Published in the Courier News, Tuesday, October 14, 2008
Subprime mortgage rescue fund: Safety net or disincentive?
By LISA G. RYAN • GANNETT STATE BUREAU • October 14, 2008
TRENTON —A plan to create an estimated $40 million trust fund to help New Jersey residents who have subprime mortgages avoid losing their homes is instead creating a growing controversy.
Nonprofit housing groups are championing the New Jersey Homeownership Preservation Act as a safety net for homeowners struggling to pay mortgages they can no longer afford, but mortgage lenders are criticizing it as a costly, knee-jerk government reaction that will dissuade lending institutions from doing business in New Jersey.
"Not everybody is going to be able to renegotiate their mortgage and stay in their home. But we want to help as many people as we can," said Staci Berger, advocacy and policy director at the Housing and Community Development Network of New Jersey, which supports the bill.
"The process being suggested is too costly and too onerous, and it could stop businesses from lending in New Jersey," cautioned E. Robert Levy, executive director of the Mortgage Bankers Association of New Jersey.
The bill is one of 19 economy-related measures that moved forward last week during the Assembly's much publicized session on the global financial crisis. The full Assembly could vote on the bill later this month.
It calls for the state to assess a $2,000 fee on any mortgage lender that forecloses on homeowners who have a subprime mortgage. The money collected would go into a trust fund run by the New Jersey Housing and Mortgage Finance Agency, which would distribute it first to nonprofit groups qualified to counsel people facing foreclosure. Remaining money would provide homeowners facing foreclosure with emergency assistance loans and help buy and convert foreclosed homes into affordable housing.
The bill would also require lenders to offer homeowners with subprime mortgages a six-month hold to give them time to renegotiate their loans.
There were more than 134,000 subprime mortgages in New Jersey as of June 30, and 32.5 percent of them were in foreclosure or close to it, according to the Mortgage Bankers Association National Delinquency Survey.
The state's housing and mortgage agency estimates another 10,000 to 20,000 subprime loans will fall into these categories over the next two years if the situation continues unabated. It projects the trust fund would receive between $20 million and $40 million by 2010.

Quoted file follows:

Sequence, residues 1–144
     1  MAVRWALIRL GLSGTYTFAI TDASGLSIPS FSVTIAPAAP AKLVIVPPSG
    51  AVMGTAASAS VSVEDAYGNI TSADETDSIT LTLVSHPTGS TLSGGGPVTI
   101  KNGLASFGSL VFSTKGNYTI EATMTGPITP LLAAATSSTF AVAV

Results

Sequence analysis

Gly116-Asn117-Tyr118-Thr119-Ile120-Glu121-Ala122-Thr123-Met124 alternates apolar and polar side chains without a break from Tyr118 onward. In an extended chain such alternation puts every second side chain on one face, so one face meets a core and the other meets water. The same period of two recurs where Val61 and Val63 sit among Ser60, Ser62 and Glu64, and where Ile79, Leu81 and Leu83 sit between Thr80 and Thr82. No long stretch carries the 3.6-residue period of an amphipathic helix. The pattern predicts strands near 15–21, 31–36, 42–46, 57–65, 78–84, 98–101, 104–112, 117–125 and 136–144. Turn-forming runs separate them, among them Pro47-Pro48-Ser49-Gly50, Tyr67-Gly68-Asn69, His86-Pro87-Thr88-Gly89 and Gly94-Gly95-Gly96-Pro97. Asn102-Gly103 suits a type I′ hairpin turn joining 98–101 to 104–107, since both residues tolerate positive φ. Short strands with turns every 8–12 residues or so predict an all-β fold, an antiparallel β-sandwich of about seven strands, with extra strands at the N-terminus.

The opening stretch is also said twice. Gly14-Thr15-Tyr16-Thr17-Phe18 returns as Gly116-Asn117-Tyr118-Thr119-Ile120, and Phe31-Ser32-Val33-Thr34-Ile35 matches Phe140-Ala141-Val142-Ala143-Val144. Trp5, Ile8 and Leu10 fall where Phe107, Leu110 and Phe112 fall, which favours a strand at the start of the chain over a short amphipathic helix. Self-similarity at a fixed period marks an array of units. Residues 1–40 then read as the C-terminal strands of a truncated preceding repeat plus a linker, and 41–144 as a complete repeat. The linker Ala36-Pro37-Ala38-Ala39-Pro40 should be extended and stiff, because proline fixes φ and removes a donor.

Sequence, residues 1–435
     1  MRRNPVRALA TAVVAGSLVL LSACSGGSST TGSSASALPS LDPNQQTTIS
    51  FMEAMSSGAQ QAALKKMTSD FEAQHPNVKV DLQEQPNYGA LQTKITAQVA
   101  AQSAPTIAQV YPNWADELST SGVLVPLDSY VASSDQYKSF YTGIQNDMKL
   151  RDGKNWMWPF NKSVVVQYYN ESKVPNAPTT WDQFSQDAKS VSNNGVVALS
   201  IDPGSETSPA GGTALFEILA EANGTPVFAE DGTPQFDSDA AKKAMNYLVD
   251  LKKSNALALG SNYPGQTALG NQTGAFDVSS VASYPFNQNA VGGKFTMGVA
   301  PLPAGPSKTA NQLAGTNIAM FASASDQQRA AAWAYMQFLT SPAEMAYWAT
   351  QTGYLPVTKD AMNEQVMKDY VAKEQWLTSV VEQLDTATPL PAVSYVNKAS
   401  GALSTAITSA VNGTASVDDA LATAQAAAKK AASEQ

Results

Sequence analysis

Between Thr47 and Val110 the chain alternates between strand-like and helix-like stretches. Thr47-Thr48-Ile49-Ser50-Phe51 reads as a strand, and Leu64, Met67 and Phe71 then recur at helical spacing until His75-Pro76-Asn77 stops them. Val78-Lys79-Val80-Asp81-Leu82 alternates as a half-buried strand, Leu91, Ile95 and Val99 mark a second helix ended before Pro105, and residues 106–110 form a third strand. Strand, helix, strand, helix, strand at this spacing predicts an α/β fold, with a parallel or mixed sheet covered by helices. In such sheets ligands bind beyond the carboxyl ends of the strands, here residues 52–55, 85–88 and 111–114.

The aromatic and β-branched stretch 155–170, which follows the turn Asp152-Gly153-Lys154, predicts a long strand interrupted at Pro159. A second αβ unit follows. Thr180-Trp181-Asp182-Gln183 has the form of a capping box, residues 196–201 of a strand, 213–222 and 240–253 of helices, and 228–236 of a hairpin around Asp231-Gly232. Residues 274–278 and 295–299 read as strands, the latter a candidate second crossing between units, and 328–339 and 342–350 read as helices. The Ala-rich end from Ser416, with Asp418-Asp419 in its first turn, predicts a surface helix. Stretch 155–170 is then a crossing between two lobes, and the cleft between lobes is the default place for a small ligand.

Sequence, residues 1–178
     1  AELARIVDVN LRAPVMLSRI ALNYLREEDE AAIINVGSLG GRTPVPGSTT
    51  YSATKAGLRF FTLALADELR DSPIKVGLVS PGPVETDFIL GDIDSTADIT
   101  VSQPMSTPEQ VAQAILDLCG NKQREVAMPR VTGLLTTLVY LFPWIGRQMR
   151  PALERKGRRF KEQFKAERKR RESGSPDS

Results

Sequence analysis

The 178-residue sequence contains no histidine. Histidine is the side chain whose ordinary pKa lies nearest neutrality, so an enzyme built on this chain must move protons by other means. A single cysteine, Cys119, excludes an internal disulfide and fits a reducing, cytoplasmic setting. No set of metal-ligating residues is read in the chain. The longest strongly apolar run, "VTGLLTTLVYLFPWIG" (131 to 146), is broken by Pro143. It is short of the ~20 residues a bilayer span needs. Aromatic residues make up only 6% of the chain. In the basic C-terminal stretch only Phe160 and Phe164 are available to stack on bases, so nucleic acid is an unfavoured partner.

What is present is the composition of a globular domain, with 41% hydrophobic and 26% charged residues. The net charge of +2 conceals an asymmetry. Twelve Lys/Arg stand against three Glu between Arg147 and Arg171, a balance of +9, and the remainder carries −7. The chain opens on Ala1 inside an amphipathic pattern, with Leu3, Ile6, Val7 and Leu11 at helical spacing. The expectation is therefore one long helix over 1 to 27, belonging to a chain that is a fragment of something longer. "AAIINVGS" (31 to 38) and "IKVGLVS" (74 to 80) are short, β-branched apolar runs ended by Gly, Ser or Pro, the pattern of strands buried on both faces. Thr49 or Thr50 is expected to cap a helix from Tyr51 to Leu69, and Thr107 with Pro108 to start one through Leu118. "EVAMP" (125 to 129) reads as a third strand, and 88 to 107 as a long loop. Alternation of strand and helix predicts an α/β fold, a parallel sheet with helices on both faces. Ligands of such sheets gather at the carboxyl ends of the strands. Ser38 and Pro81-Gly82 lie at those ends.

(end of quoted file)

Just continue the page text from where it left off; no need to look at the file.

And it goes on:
"I don't think the individuals who were trying to secure these loans thought that at some point they were going to lose their jobs to the degree that jobs have been lost, that the values of their homes were going to decrease to the point that they are less than the money that they owe," said Assembly Majority Leader Bonnie Watson Coleman, D-Mercer, before the Assembly Budget Committee last week.
Since March, Watson Coleman and Sen. Ronald Rice, D-Essex, have been leading the effort to get the bill approved in the Legislature and adopted into law. The lawmakers told the budget committee that many homeowners now facing hardship were preyed upon by unscrupulous lenders.
But Assemblyman Declan O'Scanlon Jr., R-Monmouth, who opposes the bill, fears it would give mortgage companies, which are now facing their own problems in the credit market, another disincentive to lend to qualified New Jersey consumers.
The lending institutions could also pass the $2,000 state fee along to their customers, said Assemblywoman Alison Littell McHose, R-Sussex, who criticized the program's estimated $675,000 in startup and staffing costs as too high for financially strapped New Jersey.
"For the amount of money this bill could generate, I think it has a lot of holes in it," McHose said.
SKEPTICS: For more criticisms of the bill from lawmakers, who wonder who'd benefit financially and who'd shoulder the load, visit the Gannett State Bureau's new Capitol Quickies blog at http://blogs.app.com/capitolquickies
Lisa G. Ryan: firstname.lastname@example.org
Online story here. Archived here.
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- Plainfield resident since 1983. Retired as the city's Public Information Officer in 2006; prior to that Community Programs Coordinator for the Plainfield Public Library. Founding member and past president of: Faith, Bricks & Mortar; Residents Supporting Victorian Plainfield; and PCO (the outreach nonprofit of Grace Episcopal Church). Supporter of the Library, Symphony and Historic Society as well as other community groups, and active in Democratic politics.